No public interest is disserved by the entry of a preliminary injunction in this case. Roland Machinery, id. at 388 identifies the "public interest" in terms of any "consequences beyond the immediate parties." In this instance the unrepresented third parties are the consuming public in general. Based on the evidence at the Hearing, the public surely ought to be protected against the potential or the actuality of purchasing or using services from Service Systems that are infringing and that are sold under false auspices in the marketplace.

 * * *

 It is therefore ordered, adjudged and decreed that:

 1. This Court has jurisdiction over the subject matter and over the parties to this action.

 2. There is a high likelihood that Computer Care is the owner of the protected trade dress identified in the Complaint and consisting of sales brochures titled "Win or Lose" and the Computer Care Reminder Letters. There is also a high likelihood that Computer Care's trade dress is arbitrary and distinctive, giving Computer Care the exclusive right to use the trade dress in commerce in connection with the type of service it provides. And there is also a high likelihood that the methodology employed by Computer Care in its service program -- internal matters not disclosed to its salesmen or other employees, or to its customers, and critical to the value and success of its business -- involves trade secrets that are unique to Computer Care.

 3. Aronson and Service Systems and each of his or its principals, officers, agents, servants, employees, attorneys and affiliated companies or enterprises, and all persons in active concert or participation with any of them who receive actual notice of this Order by personal service or otherwise, are hereby enjoined from:


(a) continuing to operate Service Systems' business by utilizing any but the second of the seven elements described in Ex. 2 to this Order, all of which are part of the Computer Care trade secrets critical to the value and success of its business;


(b) using, in any manner whatsoever, the following:


(1) the current sales brochure titled "Maintain or Fail"; instead Service Systems may use only advertising, promotional materials and sales brochures employing a trade dress substantially different from those employed by Computer Care;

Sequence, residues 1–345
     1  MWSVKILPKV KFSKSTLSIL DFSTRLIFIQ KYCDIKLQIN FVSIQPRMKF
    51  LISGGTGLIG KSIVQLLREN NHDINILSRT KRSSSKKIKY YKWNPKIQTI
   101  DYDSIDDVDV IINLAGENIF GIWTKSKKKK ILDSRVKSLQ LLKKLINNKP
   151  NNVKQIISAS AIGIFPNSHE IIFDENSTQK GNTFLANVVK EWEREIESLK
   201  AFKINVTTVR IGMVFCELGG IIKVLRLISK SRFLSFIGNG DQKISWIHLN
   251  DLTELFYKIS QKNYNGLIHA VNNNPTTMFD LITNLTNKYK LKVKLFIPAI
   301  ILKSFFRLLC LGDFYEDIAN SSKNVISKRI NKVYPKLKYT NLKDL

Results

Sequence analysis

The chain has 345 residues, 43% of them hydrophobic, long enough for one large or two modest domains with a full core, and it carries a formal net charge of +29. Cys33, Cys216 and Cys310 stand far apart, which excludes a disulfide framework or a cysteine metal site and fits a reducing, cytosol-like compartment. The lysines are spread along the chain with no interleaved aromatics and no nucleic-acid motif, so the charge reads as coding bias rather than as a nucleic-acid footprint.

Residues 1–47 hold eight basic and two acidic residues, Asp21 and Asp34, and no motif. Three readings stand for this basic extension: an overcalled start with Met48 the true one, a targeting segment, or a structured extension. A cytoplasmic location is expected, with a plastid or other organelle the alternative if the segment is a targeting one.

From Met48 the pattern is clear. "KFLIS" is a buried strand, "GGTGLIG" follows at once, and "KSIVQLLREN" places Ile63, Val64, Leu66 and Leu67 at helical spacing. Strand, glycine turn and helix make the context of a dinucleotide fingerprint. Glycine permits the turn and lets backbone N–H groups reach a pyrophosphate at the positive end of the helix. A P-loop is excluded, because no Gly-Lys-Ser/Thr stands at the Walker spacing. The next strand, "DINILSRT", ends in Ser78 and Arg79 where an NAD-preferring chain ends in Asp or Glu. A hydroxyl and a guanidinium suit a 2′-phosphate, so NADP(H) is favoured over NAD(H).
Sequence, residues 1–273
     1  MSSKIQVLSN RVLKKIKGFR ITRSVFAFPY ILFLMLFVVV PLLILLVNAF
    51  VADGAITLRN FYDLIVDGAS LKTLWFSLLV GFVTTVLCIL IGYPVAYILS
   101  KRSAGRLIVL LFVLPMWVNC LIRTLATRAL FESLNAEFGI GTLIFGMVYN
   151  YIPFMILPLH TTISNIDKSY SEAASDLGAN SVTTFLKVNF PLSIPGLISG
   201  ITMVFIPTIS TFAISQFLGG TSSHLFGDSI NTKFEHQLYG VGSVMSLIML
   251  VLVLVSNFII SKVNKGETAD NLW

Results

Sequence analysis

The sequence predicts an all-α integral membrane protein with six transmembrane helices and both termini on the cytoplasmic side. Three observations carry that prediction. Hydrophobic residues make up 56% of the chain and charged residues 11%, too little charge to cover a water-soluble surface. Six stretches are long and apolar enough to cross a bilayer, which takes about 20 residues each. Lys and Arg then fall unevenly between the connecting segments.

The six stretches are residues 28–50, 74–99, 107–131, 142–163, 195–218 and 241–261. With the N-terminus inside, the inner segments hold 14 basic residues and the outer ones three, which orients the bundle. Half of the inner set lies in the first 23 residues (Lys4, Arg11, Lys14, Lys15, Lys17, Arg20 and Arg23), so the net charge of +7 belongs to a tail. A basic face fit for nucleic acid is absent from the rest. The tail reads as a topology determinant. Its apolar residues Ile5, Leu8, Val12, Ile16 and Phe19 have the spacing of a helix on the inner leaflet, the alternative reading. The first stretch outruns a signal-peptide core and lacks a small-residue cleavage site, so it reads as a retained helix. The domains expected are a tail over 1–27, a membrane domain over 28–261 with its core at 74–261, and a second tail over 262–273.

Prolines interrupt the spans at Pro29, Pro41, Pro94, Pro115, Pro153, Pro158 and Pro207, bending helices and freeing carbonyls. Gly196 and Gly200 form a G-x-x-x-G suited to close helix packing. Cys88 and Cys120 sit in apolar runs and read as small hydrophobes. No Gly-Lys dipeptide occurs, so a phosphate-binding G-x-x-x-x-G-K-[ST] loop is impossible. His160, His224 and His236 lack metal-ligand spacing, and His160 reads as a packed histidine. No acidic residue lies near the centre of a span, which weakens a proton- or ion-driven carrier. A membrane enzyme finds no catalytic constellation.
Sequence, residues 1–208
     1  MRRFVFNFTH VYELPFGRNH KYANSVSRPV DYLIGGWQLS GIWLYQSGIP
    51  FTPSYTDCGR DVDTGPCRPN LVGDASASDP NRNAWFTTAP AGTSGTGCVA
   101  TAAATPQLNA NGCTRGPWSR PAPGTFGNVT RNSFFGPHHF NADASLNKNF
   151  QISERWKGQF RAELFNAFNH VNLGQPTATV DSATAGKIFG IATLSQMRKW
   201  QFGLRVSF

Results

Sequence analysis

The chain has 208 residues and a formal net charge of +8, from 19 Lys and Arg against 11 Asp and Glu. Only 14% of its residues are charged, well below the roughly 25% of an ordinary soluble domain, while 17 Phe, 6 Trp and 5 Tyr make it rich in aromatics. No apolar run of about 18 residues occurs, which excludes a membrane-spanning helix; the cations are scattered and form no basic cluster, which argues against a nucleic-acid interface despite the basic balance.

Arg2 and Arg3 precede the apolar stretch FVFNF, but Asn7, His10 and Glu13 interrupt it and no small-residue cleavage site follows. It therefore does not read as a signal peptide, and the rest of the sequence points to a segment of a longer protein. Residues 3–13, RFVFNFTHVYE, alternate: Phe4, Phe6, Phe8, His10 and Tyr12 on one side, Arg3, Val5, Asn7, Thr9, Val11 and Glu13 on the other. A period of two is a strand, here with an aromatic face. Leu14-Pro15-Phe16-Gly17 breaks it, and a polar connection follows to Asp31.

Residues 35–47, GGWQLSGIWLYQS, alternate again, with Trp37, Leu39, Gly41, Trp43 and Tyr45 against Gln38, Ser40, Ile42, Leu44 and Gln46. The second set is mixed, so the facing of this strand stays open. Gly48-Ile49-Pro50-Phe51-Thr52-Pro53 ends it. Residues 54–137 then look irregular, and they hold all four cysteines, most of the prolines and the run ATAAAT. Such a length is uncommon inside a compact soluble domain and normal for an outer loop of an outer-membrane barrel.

(2) the previous reminder letter containing the right-angled logo and the current reminder letter containing the blue stripe, such reminder letters also being distinguished by a manufacturer's logo printed in blue in the upper right-hand corner; the distinctive blue color of the logo; the dealer's phone number appearing twice on the letters; the letter's sign-off bearing the first names of people at the dealership followed by the dealer's name; the dealer's special included in the blue bar across the stationery; the print of the letters appearing in a type face identical to Computer Care's; the size of the stationery identical to Computer Care's; and the use of a window envelope; instead, Service Systems may use only reminder letters or cards employing a trade dress substantially different from that employed by Computer Care; *fn9"


(3) the present computerized reports called Repair Order Analysis, Service Schedule and Service Systems Monthly Report; instead, Service Systems may use only reports (computerized or otherwise) employing a trade dress substantially different from that employed by Computer Care; *fn10"


(c) continuing to deal with customers under any contract obtained or maintained through the use of any of the trade secrets referred to in Paragraph 3(a) or the prohibited materials referred to in Paragraph 3(b).

 4. Service Systems and Aronson are ordered on or before April 10, 1991 to deliver to all existing Service Systems customers a notice of this Order, in a form to be approved in advance by this Court.

 5. On or before April 24, 1991, Aronson and Service Systems are ordered to file with this Court and to serve on Computer Care's counsel a report in writing, under oath, setting forth in detail the manner of their compliance with this Order.



 No. 90 C 5943

 Judge Milton I. Shadur


 Computer Care provides computerized follow-up of car repair customers to generate business for its customers -- car dealerships and other businesses that repair cars. (Kaufman direct). Computer Care has provided this service since 1977 to customers across the country; today it has approximately 2000 customers, most of whom are car dealerships. Computer Care is a general partnership organized and operating in Amityville, New York. Robert Kaufman of Dix Hills, New York, is a 90% owner; his father, Irving Kaufman of Wayne, New Jersey, is a 10% owner. Robert Kaufman ("Kaufman") is president of Computer Care and runs